At the southern tip of Spain, not far from the Rock of Gibraltar lies the laid back surfer town of Tarifa. It's as old as the hills, but is frequented by the young who are here to catch waves produced by the collision of the Mediterranean Sea and the Atlantic Ocean. There is a long, narrow jetty you can walk out on to, where a sign says Mediterraneo with an arrow pointing left, and Atlantico with an arrow pointing right. Just ten miles across the water is the north west corner of Africa. The two continents stare across at one another, so close, but worlds apart.
We found our way to the harbour where we left the car in an all day parking lot, and boarded a hulking white ferry bound for Tangiers. This is obviously a well travelled route. Moroccans were heading home with crates full of European cast-offs including old TV's, bicycles, broken furniture, engine parts, blankets and kitchen appliances. The four of us were all dressed up khaki and linen with nothing but the burden of our cameras around our necks. They must have seen us coming, quite literally, from ten miles away.
Once the great white hulk was tied off in Tangiers new deep water harbour, the huge doors swung open to reveal that beautiful blue Moroccan sky. The human swarm was released and the natives took off in all directions. We followed the well worn path up into town, and were greeted by a hundred men that all wanted to be our tour guide for the day. After saying NO eighty or ninety times, we had managed to shake most of them, but there were four that persisted all the way up to the gates of the city. They spoke to us in English, French, Spanish and Arabic. They bragged that they could get us anything we wanted from the best deals at hotels, to the cleanest prostitutes. Freddie told them in French, English and Spanish that we were not interested. The final guy broke down on hands and knees telling us we were dooming his children to starvation. I gave him a couple of euros for his thespian efforts, if nothing else.
Given its strategic location where Sea meets Ocean, there has been a settlement on this spot for over 2,500 years. It has been ruled by the ancient Phoenicians, the Berbers, the Romans, the Spanish, the French and finally the Moroccans themselves. Despite centuries of history, Tangiers' most interesting period was in the 1940's and 50's when the Beat Poets made it their home. The offbeat charm and dangerous undertone of the city attracted the literary revolutionaries who were keen to expand their minds in a place far away from the laws and constraints of polite society. William S. Boroughs wrote his most famous work, Naked Lunch in these ancient streets. He would have been sharing his stories and absinthe with Truman Capote, Tennessee Williams and Jack Kerouac. During this time, Tangiers also developed a reputation as a spying and smuggling center that brought in piles of dubious foreign cash. This reputation has clearly carried over into modern times, as the city is regularly featured in spy films: From Russia with Love, The Living Daylights and The Bourne Ultimatum were all filmed here.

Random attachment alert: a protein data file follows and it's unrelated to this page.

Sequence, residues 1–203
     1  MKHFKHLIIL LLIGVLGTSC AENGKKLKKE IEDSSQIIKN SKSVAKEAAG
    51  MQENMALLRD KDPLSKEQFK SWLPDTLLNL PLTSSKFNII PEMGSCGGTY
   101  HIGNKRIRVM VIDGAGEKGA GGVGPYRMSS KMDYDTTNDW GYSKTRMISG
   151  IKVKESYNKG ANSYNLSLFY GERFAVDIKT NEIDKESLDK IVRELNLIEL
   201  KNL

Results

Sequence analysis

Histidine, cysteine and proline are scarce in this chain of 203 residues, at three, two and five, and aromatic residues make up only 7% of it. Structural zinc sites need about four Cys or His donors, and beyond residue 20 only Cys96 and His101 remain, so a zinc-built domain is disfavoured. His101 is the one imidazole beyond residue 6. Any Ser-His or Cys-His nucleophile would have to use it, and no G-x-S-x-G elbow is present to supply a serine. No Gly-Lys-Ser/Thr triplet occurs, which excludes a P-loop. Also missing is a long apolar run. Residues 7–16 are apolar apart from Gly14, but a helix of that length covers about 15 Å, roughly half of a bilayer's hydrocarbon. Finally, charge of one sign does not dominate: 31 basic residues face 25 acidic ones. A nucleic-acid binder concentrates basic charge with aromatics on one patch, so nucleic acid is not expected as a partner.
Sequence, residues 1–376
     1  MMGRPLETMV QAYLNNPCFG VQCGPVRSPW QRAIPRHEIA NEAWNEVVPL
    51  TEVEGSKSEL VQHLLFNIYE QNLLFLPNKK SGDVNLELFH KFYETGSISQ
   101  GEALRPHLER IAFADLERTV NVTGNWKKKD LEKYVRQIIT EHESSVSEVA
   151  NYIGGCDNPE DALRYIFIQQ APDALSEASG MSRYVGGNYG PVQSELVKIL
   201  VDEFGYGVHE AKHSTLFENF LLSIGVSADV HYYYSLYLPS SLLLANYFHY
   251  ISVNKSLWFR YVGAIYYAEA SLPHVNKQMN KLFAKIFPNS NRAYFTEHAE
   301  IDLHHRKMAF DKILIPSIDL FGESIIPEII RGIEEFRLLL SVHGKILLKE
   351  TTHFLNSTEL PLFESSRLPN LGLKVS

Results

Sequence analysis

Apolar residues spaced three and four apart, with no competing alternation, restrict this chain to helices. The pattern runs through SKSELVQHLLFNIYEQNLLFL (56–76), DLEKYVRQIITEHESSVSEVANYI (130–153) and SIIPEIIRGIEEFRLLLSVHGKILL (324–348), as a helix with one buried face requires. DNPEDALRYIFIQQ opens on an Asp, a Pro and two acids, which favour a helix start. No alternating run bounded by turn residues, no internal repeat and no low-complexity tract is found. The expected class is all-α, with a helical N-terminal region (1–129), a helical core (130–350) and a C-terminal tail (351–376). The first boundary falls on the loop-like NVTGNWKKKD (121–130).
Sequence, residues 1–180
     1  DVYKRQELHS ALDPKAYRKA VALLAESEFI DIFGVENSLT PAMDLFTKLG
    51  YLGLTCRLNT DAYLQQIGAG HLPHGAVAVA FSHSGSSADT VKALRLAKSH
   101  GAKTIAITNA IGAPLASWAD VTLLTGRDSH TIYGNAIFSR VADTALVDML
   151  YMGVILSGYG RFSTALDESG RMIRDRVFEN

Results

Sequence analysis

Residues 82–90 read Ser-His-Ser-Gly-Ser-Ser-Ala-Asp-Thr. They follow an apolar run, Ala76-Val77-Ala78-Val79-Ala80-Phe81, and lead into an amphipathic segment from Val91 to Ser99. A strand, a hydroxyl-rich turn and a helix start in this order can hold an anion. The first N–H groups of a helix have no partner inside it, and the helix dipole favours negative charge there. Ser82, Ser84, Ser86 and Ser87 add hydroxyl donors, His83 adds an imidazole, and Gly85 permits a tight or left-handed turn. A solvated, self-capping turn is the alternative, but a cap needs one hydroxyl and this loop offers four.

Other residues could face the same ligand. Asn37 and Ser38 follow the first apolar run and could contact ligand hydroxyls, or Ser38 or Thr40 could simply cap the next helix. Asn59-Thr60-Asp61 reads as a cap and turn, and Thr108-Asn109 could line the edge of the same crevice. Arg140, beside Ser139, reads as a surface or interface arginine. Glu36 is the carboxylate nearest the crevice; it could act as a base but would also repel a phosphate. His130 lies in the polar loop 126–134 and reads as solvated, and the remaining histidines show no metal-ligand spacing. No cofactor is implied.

My first impression is that the city is caught between two worlds. It wants to be a modern city combing its mix of African and European influences, but doesn't seem to know how to pull it off. Parts of it seem to be stuck in a time warp, while others desperately want to be seen as players in the 21st century. Unfortunately, none of it seems to work very well. Port cities are always a little rough around the edges, and I don't have a problem with that. But there is a desperation in the air here that is unsettling. It is beautiful in its own way, with crumbling buildings in a festival of fading colours and a labyrinth of strange alleyways and arches. Along with that deep blue sky and golden light, it's hard to take a bad picture here.
The city is full of places to eat, and there are always pushy touts outside trying to coax you in. We found a place upstairs on a terrace that offered a break from the heat and the crowds. Two old men wearing Fez hats played strange stringed instruments and we were served a traditional four course meal of soup, cheese pastries, cous cous and a chicken tangine. Mint tea is the drink of choice in this Muslim country, although we were all dying for a beer. That would have to wait until we were back down in the harbour on hotel grounds.
After lunch we strolled the streets and squares and came across the amazing wet market, crammed full of every life form that has ever been pulled from the sea. The haggling was fierce, and I was glad we were not there in search of our dinner. Outside there were carts of fruits and vegetables overseen by old women draped in veils. Scraggily cats darted in and out of the shadows and doe-eyed boys glanced in our direction as we walked by. Dusty men set up tables in the streets to sell everything from rusty nails to old paint brushes. In the squares, the more affluent were sitting under canopies sipping tea and watching the crowds.
As the sun lowered on the horizon, the day trippers are headed back down to the harbour to get back to Spain before dark. The sinister undercurrent of the city at night surely has its attractions. Like the poets, the spies and the Rolling Stones before me, I was intrigued by the seductive nature of Tangiers after dark. But this time, my middle aged sense of self preservation kicked in, and I joined the rest of the Europeans heading for the harbour. It was probably a good call.